If award ceremonies are now political platforms, creatives are the new activist.
So the industry must be under reform, right? Every creative’s social media is now another PR outlet for causes they fund or represent, because if you’re not an activist, you’re not doing your job as a creative or, more specifically, an actor.
Ergo, if you are a creative, you must also be an activist, because that is now a new bullet point in the job description. It isn’t enough to have the drive, or be bitten by ‘the bug’. The act alone of wanting to bring stories and characters to life that might otherwise not see the light of day is meagre in comparison to the work of social movements – they’re the ones making the real change, catalysing real progress, not fannying about in front of a camera.
Yet if an actor has something even vaguely close to an opinion and dare to share it, they’re shut down, because what the hell do they know? Everyone’s entitled to an opinion, but not them, of all people, they’ll devalue the cause!
But by having large public platforms, with global access, it’s expected to be used to bring awareness.
Well except actors – who wants to be preached to by the newest face of an expensive brand?
…But also actors, because their job is also to inform and diversify their chosen industry!
Alright, back in your pram, Sarky Laidig.
Something that has been gnawing at me for the last few years is the woeful misunderstanding of how the arts industry works, especially when it comes to the role of an actor in the creative process. Whether it’s the lack of diversity within a cast, or whitewashing a storyline, it’s almost always taken out on the absolute last piece of the puzzle: the actor(s), when in reality, the attention needs to be directed higher up the food chain.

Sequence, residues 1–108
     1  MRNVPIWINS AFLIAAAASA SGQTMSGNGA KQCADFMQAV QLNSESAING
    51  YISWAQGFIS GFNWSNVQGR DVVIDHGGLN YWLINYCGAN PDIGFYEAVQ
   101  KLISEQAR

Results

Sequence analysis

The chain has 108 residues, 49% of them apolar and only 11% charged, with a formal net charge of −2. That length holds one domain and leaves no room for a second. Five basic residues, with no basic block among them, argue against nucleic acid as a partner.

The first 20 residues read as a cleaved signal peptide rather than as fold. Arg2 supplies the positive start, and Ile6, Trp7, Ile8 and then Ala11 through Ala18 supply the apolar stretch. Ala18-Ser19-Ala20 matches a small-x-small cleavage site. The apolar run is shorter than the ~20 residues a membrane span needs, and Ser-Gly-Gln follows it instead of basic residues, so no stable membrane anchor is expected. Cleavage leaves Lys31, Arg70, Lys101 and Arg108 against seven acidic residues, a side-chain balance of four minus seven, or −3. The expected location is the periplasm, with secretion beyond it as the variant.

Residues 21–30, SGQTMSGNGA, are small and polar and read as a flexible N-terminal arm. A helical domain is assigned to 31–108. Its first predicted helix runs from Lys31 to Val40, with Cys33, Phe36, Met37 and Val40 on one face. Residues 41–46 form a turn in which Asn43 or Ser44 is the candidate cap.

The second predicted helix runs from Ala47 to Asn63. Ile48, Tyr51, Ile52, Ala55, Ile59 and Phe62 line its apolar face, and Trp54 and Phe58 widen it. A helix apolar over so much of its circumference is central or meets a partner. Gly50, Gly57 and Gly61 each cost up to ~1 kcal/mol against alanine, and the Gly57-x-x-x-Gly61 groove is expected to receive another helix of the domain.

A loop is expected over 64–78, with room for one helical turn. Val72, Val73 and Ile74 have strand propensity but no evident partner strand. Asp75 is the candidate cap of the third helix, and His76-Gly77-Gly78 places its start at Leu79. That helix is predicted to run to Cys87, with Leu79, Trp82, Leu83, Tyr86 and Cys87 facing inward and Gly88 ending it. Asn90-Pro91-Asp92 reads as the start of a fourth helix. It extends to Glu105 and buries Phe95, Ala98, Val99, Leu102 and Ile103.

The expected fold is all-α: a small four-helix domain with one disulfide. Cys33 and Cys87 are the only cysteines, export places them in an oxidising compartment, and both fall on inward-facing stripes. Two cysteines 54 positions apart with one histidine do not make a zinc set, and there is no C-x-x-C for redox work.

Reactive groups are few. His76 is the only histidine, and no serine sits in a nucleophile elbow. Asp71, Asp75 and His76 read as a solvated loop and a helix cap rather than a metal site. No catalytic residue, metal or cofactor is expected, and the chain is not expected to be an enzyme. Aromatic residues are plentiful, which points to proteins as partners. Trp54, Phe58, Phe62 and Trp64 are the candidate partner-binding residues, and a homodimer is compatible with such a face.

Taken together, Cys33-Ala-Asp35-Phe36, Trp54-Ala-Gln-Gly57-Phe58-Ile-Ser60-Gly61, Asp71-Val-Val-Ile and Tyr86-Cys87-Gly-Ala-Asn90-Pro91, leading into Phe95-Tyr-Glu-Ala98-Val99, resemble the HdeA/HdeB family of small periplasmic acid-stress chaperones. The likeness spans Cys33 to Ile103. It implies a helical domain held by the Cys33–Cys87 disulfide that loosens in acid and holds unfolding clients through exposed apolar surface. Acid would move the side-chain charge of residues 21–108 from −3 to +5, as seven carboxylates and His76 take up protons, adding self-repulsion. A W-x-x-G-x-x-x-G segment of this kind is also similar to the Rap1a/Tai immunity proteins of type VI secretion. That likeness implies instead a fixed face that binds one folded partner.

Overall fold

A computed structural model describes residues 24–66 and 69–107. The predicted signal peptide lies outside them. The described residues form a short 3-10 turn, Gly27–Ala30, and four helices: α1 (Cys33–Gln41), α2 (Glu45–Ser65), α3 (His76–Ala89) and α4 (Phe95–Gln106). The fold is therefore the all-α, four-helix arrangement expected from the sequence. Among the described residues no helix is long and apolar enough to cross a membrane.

No, not the director, much higher.
Not even casting, look higher still.
Executive producers make or break a production, and film execs are the worst of all. In the States, insiders will say that box office films will cater to the bible belt – problem number one if you dare to go against the norm. Two, even if your casting department secure a cast across all shades and sizes of the human race, execs will be the ones to say “I don’t like this one, bring me another”, and to save the project being left on the shelf to collect dust, most will oblige the request (Deadpool took 11 years to make, and Behind the Candleabra was deemed “too gay” for US cinema. Don’t get me started on ethnicity and women).
Drama schools are churning out more actors than there is work, that they have become dispensable. Add into the mix that the more ‘avant-garde’ of storylines (anything other than hetero-normative) are rarely given the greenlight, and those that are will never cast unknowns in lead roles, no matter how ‘unique’ they are (again, anything other). Now apply the added pressure of audience demand for more varied anything, while remembering that the execs control what you see.
This doesn’t even scratch the surface on what really drives me nuts about screen-audience relations, but never before has an actor’s activist credentials mattered so much! Then again, it wasn’t originally used as another method of marketing. It used to signal a career dive – now, it seems to attract audiences by the bucket load. And they’re lapping it up in their droves.
But is that what we want in an actor? Are they no longer mere storytellers, but representatives of something bigger? Does an actor’s activist credentials affect your personal film/show choice? Does it lend to a more believable performance? Can you enjoy their work even when their cause/religion/beliefs oppose your own?